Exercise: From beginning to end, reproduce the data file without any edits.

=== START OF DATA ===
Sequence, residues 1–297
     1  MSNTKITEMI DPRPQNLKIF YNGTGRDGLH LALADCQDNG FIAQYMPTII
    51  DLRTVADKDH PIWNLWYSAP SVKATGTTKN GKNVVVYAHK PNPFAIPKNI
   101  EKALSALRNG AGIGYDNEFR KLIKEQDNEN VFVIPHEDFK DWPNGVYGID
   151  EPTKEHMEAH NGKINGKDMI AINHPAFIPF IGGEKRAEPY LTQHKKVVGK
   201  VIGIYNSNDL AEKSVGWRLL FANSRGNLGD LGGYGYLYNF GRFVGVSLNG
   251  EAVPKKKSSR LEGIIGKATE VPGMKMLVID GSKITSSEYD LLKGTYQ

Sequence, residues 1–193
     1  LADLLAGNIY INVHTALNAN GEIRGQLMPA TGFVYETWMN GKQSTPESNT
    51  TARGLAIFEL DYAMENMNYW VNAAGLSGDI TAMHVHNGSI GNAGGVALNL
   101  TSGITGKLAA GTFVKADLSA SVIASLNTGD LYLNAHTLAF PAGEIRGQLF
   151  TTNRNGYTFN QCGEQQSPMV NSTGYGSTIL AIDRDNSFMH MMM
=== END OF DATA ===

Sequence, residues 1–297
     1  MSNTKITEMI DPRPQNLKIF YNGTGRDGLH LALADCQDNG FIAQYMPTII
    51  DLRTVADKDH PIWNLWYSAP SVKATGTTKN GKNVVVYAHK PNPFAIPKNI
   101  EKALSALRNG AGIGYDNEFR KLIKEQDNEN VFVIPHEDFK DWPNGVYGID
   151  EPTKEHMEAH NGKINGKDMI AINHPAFIPF IGGEKRAEPY LTQHKKVVGK
   201  VIGIYNSNDL AEKSVGWRLL FANSRGNLGD LGGYGYLYNF GRFVGVSLNG
   251  EAVPKKKSSR LEGIIGKATE VPGMKMLVID GSKITSSEYD LLKGTYQ

Sequence, residues 1–193
     1  LADLLAGNIY INVHTALNAN GEIRGQLMPA TGFVYETWMN GKQSTPESNT
    51  TARGLAIFEL DYAMENMNYW VNAAGLSGDI TAMHVHNGSI GNAGGVALNL
   101  TSGITGKLAA GTFVKADLSA SVIASLNTGD LYLNAHTLAF PAGEIRGQLF
   151  TTNRNGYTFN QCGEQQSPMV NSTGYGSTIL AIDRDNSFMH MMM